For businesses reliant on material handling vehicles, forklifts represent a significant investment. However, the "engines" that run these forklifts are an important investment, too. With the right forklift batteries—and proper maintenance on those batteries—your forklift fleet can run smoothly and efficiently, and avoid major hiccups. Unfortunately, many forklift operators practice bad habits that can decrease the overall lifespans of your batteries.
How to Save Money by Increasing Forklift Battery Life
The key word in that previous sentence is "habit." When it comes to motive power, a watchful eye goes a long way towards ensuring that your business stays on the move. Today we'll discuss five helpful tips for increasing your overall forklift battery life. While these five items will be helpful for anyone working in the material handling industry, they're aimed at operations managers and forklift operators since their habits impact battery usage the most.
1. Remember the Rule of 80%
In an ideal world, operators shouldn't discharge their forklift batteries once they're below 20% capacity. We call it the "Rule of 80%" because that's the percentage that's been discharged from the battery. Also known as "deep discharging," this failure to recharge the battery sooner causes the weaker cells of the battery to get over-discharged compared to the stronger cells. As this process continues, the weaker cell capacity will continue to decrease over time. Unless there are routine equalizations performed, the weaker cell will fail. Over-discharging also results in hot batteries and hot truck components , which can cause significant damage to the truck (even motor failure). Maintaining proper truck settings is key to preventing deep discharging.
2. Watch Your Water Levels
Battery health is directly related to water levels. Over time, water levels will decrease. When they do, the plates become exposed. Prolonged dryness will compromise the integrity of these plates, and can ultimately lead to irrevocable damage. If you see low water levels, definitely address this, either with your power partner or onsite manager. It’s also important that you only add water from a known clean water source such as city or county water—never use water out of a private source without first having it checked for contaminants. If in doubt, use de-ionized or distilled water. Also, only add water when the battery is fully charged. Never overfill the battery, either.
3. Charge Batteries per Charging Guidelines Established at Each Customer Site
In fast and opportunity charging, a site survey should first be taken to find out what the truck and battery usage is over several weeks. This way, the proper charger and battery requirements can be specifically designed around your needs. While there are potential savings from using these charging programs, consult your motive power partner before making this transition. If implemented correctly the customer can save a lot of money and reduce downtime time without risking the battery operating life. You shouldn’t attempt to do this on your own without professional help; failure to use the correct charger with the correct charging profile can have detrimental effects on battery life. Fast charging and opportunity charger settings will need to be set so that battery warranty requirements are met per the battery manufacturer requirements. Failure to follow these requirements can void battery warranty.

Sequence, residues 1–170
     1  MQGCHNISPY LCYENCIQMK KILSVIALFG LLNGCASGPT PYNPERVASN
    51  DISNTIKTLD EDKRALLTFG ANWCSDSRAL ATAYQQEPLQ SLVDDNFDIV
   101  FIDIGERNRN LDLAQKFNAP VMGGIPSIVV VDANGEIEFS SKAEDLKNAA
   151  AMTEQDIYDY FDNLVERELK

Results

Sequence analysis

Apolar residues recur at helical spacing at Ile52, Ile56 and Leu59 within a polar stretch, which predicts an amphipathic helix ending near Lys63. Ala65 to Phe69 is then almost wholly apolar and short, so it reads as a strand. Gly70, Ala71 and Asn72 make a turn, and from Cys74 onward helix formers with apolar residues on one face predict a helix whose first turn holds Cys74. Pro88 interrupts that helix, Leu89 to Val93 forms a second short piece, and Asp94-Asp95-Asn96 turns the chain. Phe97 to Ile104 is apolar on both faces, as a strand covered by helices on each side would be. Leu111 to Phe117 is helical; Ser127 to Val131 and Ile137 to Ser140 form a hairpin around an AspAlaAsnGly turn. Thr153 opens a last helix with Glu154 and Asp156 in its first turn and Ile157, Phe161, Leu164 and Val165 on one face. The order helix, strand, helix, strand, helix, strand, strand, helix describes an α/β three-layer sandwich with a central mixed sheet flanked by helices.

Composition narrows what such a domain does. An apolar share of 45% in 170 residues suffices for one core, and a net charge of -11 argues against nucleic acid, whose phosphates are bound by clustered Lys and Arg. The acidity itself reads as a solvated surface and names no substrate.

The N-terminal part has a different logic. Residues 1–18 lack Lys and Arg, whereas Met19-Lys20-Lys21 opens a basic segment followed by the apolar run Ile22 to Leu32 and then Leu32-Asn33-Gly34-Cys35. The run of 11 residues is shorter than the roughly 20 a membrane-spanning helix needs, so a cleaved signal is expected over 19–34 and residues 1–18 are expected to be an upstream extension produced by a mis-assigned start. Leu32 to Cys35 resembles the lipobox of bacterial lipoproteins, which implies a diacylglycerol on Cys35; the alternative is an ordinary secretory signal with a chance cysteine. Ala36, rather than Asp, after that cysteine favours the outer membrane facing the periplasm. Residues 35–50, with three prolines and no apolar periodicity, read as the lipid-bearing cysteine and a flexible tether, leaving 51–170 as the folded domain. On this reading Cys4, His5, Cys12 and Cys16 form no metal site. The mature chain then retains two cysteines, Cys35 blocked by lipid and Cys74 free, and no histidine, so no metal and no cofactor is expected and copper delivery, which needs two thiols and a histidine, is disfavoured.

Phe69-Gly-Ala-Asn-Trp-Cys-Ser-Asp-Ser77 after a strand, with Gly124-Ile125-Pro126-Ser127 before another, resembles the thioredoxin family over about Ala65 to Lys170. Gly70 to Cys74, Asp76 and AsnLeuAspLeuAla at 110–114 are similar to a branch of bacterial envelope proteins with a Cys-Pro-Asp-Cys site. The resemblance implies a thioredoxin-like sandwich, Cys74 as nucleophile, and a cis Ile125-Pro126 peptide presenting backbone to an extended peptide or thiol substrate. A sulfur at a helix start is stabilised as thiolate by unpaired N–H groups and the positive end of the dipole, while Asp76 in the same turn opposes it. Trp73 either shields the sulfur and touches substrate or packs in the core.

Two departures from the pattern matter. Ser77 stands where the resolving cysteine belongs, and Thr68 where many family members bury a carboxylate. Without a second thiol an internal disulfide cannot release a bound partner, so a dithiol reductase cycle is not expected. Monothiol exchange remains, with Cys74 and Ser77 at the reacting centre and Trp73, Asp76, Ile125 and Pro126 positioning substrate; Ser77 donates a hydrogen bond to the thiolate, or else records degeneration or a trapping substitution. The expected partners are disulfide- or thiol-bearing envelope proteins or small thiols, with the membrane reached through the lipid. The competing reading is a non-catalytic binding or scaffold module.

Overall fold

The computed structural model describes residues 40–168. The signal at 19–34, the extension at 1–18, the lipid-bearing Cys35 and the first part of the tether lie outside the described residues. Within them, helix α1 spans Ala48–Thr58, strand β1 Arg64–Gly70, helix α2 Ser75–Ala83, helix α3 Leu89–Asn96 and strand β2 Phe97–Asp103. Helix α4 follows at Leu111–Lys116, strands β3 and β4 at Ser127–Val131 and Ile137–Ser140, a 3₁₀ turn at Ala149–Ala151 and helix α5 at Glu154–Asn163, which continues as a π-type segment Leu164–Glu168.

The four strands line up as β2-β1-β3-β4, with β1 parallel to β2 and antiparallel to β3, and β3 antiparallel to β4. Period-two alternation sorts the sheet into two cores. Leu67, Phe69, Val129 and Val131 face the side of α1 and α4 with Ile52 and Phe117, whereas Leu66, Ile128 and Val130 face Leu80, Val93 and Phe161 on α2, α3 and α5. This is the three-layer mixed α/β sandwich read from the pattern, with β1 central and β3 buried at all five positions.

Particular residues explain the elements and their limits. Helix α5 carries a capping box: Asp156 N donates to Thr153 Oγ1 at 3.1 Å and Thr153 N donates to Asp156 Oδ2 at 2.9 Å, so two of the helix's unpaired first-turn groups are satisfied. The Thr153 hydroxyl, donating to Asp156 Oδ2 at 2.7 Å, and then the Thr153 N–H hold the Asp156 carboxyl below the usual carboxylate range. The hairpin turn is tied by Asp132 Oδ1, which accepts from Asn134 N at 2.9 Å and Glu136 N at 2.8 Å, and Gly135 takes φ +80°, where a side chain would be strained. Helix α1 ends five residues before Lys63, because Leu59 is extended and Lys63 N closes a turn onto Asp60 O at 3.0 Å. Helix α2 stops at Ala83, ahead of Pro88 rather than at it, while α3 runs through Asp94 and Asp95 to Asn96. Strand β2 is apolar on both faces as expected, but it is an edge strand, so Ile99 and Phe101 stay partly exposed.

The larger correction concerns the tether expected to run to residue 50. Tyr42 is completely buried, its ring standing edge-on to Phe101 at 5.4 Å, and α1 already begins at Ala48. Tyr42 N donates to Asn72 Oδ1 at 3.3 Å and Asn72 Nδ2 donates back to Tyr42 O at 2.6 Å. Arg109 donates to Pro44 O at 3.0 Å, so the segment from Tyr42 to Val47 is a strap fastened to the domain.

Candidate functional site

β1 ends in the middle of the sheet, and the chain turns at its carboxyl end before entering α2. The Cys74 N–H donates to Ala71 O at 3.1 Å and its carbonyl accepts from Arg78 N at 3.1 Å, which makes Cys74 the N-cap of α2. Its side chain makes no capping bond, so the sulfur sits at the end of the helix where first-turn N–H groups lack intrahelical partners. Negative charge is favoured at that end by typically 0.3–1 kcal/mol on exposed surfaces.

4. Fast Charging Temperature Controls
Fast charging uses high charge rates that may cause the battery to heat up during usage and charging. Make sure any charger charging above a 25% start rate has temperature sensors installed that can measure battery temperature.
5. Keep an Eye Out for Obvious Issues
While many businesses have partners that handle their battery maintenance, keeping a cautious eye on them yourself allows you to catch problems before they become full-blown. For example, a common culprit causing short battery lifespans is battery sulphation. Battery sulphation is due to prolonged under-charging of the battery. You can easily see this if you measure specific gravity after the battery goes through an equalized charge. If there is a problem with battery sulphation, the chargers can be adjusted to prevent any damage to the battery. Catching it early, and calling in a battery professional to address it, will definitely add life to a battery.
Hopefully these five tips will allow you to extend the lives of your batteries, and lead to a healthier forklift fleet. Most battery problems come from bad habits that can easily be corrected, whether the problems come from employees unaware of the impact of their actions, or mandated attempts to avoid any downtime. Either way, understand that these bad habits will lead to shorter battery life. In the end, that's just more money you'll be spending to keep your operation up and running.